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4 April 2017, 06:38
The Church has hit out at the National Trust and Cadbury in Birmingham over the name of their Easter Egg Hunt.
Archbishop of York Dr John Sentamu accused the chocolate giant of ``spitting on the grave'' of its religious founder by removing references to Christianity's most sacred festival from the spring event it runs nationwide with the conservation charity.
Cadbury, which was founded by Quaker John Cadbury in 1824, told the Daily Telegraph "we invite people from all faiths and none to enjoy our seasonal treats''.
The National Trust said that suggestions it was downplaying the significance of Easter were "nonsense'' while the chocolatier dismissed the archbishop's claim as "simply not true''.
Some 300 Easter egg hunts will take place this year at National Trust properties, according a page on the Cadbury website headlined "enjoy Easter fun''.
Dr Sentamu told the Daily Telegraph: "If people visited Birmingham today in the Cadbury World they will discover how Cadbury's Christian faith influenced his industrial output.
"He built houses for all his workers, he built a church, he made provision for schools.
"It is obvious that for him Jesus and justice were two sides of the one coin.
"To drop Easter from Cadbury's Easter Egg Hunt in my book is tantamount to spitting on the grave of Cadbury.''
Cadbury's website makes reference to Easter in relation to the hunt in several places, but the word does not feature on the logo for the event.
The National Trust website invites people to ``Join the Cadbury Egg Hunts'' before adding: "Join us over the Easter holidays to run through muddy woodlands, around mystical lakes and along nature trails on a Cadbury Egg Hunt.''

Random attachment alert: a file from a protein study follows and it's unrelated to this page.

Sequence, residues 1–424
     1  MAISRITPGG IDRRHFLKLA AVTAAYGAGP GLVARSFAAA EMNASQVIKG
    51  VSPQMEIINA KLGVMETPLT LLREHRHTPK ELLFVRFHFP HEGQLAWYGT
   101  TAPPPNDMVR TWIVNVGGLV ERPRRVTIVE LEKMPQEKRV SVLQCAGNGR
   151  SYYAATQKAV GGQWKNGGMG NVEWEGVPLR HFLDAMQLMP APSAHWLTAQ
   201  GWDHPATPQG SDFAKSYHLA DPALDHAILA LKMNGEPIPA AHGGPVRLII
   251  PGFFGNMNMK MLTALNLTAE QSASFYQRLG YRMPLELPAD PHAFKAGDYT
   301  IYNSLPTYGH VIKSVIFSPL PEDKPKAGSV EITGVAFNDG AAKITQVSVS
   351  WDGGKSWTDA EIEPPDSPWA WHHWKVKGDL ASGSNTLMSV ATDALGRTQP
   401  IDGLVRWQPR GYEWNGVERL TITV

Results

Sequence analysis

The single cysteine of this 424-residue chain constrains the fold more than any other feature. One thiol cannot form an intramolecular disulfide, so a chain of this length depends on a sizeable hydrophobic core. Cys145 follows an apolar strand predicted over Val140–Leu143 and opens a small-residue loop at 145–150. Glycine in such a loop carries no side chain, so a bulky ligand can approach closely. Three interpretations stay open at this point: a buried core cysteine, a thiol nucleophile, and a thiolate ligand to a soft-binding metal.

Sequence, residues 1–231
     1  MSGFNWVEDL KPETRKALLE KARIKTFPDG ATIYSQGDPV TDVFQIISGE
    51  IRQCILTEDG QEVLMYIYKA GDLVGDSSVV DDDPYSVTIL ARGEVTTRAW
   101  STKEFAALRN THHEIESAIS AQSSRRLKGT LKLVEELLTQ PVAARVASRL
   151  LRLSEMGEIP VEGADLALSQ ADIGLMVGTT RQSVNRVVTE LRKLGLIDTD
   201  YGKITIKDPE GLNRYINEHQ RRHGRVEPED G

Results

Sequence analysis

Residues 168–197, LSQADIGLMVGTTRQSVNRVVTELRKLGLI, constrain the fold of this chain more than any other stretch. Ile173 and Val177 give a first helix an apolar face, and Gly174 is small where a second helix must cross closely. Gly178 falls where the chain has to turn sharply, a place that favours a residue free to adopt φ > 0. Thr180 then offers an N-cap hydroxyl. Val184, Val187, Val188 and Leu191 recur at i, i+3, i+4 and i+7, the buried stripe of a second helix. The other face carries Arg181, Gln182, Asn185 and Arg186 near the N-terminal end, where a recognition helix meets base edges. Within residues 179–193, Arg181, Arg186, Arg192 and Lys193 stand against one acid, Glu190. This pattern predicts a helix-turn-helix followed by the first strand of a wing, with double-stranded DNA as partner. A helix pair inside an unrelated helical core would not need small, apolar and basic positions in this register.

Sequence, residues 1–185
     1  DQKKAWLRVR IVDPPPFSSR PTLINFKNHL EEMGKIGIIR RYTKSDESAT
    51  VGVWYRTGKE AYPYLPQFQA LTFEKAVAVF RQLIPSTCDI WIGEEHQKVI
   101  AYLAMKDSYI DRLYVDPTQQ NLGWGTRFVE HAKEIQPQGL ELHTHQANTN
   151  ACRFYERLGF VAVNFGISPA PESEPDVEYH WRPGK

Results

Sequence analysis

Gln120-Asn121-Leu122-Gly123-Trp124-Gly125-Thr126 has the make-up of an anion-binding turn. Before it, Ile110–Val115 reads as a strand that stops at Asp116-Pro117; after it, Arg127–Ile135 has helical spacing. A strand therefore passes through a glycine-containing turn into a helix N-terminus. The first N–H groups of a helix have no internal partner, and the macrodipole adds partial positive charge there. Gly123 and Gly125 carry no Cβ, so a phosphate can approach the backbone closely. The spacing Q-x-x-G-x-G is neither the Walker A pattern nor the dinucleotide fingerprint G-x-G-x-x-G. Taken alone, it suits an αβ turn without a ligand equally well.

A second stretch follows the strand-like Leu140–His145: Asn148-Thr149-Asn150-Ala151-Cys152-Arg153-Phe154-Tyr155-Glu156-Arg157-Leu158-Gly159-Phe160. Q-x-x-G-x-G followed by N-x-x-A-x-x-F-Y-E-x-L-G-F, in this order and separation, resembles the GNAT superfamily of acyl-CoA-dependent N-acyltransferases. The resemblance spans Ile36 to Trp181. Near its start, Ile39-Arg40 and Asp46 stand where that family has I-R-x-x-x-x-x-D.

A National Trust spokesman said: "It's nonsense to suggest the National Trust is downplaying the significance of Easter. Nothing could be further from the truth.
"We host a huge programme of events, activities and walks to bring families together to celebrate this very special time of year.
"A casual glance at our website will see dozens of references to Easter throughout.
"Our Easter events include our partnership with Cadbury's, which has been running Easter egg hunts with us for 10 years.
"They've proved consistently popular with our members and visitors. As part of its wider marketing activity at Easter, Cadbury's will always lead on the branding and wording for its campaigns.''
A Cadbury spokeswoman echoed the trust's denial.
She said: "It is simply not true to claim that we have removed the word 'Easter' from our marketing and communication materials.
"Each year our Easter campaigns have a different name and this year our seasonal campaign is called the Cadbury's Great British Egg Hunt.
"It is clear to see that within our communications and marketing we clearly state the word Easter and include it in a number of promotional materials, including our website, where we do also promote our partnership with National Trust at this seasonal time of year.''